public version, has been established for this notice of filing under 
docket control number PF-830 (including comments and data submitted 
electronically as described below). A public version of this record, 
including printed, paper versions of electronic comments, which does 
not include any information claimed as CBI, is available for inspection 
from 8:30 a.m. to 4 p.m., Monday through Friday, excluding legal 
holidays. The official record is located at the address in 
``ADDRESSES'' at the beginning of this document.
    Electronic comments can be sent directly to EPA at:
    [email protected]


    Electronic comments must be submitted as an ASCII file avoiding the 
use of special characters and any form of encryption. Comments and data 
will also be accepted on disks in Wordperfect 5.1/6.1 or ASCII file 
format. All comments and data in electronic form must be identified by 
the docket control number PF-830 and appropriate petition number.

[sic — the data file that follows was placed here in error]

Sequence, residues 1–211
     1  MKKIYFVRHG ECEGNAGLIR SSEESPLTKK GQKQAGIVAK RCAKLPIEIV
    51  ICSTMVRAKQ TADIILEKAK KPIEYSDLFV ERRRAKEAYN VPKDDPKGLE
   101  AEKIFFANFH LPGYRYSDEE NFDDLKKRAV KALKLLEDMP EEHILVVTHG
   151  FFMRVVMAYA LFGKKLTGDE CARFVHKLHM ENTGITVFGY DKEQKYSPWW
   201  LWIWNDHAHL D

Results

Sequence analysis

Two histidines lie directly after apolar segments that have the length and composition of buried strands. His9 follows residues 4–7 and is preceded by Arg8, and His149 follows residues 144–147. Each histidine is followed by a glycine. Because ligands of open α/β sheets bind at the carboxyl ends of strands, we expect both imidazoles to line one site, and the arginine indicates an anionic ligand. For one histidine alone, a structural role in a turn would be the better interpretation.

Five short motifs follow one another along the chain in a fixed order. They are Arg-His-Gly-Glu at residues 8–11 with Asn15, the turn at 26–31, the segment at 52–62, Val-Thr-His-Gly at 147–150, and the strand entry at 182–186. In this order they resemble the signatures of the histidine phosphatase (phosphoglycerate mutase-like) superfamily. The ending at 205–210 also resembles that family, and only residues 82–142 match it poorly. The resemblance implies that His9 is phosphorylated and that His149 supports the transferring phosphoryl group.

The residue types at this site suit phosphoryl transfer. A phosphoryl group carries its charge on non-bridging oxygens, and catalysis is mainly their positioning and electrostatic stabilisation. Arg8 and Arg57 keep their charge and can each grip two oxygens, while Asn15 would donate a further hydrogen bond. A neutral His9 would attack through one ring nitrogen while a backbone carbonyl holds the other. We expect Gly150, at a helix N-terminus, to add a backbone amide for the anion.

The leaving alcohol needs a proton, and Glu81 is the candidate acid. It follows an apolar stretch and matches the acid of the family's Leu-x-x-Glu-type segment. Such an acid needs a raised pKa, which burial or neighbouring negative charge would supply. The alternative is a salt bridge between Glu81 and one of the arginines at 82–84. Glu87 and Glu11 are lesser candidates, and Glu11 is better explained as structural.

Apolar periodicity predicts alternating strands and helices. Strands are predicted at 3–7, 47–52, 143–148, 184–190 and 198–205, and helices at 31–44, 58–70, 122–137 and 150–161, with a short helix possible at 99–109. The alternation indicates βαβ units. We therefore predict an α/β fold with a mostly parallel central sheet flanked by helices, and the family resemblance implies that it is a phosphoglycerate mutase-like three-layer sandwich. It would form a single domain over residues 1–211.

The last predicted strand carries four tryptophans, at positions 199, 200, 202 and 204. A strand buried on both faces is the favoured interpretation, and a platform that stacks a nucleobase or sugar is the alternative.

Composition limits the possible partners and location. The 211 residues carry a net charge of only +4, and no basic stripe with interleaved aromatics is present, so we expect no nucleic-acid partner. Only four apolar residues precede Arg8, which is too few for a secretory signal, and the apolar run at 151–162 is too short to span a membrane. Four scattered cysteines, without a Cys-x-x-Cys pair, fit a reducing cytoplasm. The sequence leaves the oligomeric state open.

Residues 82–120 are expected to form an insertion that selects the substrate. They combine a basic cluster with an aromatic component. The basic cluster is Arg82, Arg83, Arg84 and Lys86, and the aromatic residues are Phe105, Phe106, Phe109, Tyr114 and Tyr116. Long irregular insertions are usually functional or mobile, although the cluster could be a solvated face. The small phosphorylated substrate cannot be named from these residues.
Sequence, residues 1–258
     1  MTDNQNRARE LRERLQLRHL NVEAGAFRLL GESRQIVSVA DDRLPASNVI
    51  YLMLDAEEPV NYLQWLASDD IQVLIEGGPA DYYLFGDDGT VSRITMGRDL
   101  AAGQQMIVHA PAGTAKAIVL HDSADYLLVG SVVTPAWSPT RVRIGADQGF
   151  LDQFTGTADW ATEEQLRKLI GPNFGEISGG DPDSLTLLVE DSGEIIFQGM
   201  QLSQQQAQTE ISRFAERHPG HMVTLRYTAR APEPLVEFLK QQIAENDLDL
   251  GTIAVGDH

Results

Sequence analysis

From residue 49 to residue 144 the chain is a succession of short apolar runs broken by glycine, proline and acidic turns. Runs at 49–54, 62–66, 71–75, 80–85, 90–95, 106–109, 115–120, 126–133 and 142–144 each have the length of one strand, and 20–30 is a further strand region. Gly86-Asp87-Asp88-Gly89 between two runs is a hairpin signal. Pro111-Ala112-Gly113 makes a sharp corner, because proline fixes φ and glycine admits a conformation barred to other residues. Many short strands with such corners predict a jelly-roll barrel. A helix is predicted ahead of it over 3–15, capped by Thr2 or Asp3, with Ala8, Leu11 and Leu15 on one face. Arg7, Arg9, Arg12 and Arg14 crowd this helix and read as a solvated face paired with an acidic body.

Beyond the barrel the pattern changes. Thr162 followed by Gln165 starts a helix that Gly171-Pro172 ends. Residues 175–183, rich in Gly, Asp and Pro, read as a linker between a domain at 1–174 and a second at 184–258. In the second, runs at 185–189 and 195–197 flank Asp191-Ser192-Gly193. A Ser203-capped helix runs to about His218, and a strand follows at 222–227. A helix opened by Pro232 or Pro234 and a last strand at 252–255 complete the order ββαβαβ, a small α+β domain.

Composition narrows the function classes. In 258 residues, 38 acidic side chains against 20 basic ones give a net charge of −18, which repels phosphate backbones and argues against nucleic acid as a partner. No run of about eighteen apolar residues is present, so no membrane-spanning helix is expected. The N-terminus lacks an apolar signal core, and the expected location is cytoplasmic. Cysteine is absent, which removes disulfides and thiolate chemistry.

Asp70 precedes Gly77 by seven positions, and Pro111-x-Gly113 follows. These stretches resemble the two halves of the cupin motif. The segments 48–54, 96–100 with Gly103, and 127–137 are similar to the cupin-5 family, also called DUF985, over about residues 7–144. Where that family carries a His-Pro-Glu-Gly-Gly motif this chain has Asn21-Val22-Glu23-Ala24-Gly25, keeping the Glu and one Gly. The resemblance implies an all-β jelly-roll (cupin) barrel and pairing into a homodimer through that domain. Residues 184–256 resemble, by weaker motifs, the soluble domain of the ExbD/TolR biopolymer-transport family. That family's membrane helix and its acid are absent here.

Electronic comments on this notice may be filed online at many Federal 
Depository Libraries.

List of Subjects

    Environmental protection, Agricultural commodities, Feed additives, 
Food additives, Pesticides and pests, Reporting and recordkeeping 
requirements.

    Dated: September 2, 1998.

James Jones,
Director, Registration Division, Office of Pesticide Programs.

Summaries of Petitions

    Petitioner summaries of the pesticide petitions are printed below 
as required by section 408(d)(3) of the FFDCA. The summaries of the 
petitions were prepared by the petitioners and represent the views of 
the petitioners. EPA is publishing the petition summaries verbatim with 
minor, non-substantive editorial changes. The petition summary 
announces the availability of a description of the analytical methods 
available to EPA for the detection and measurement of the pesticide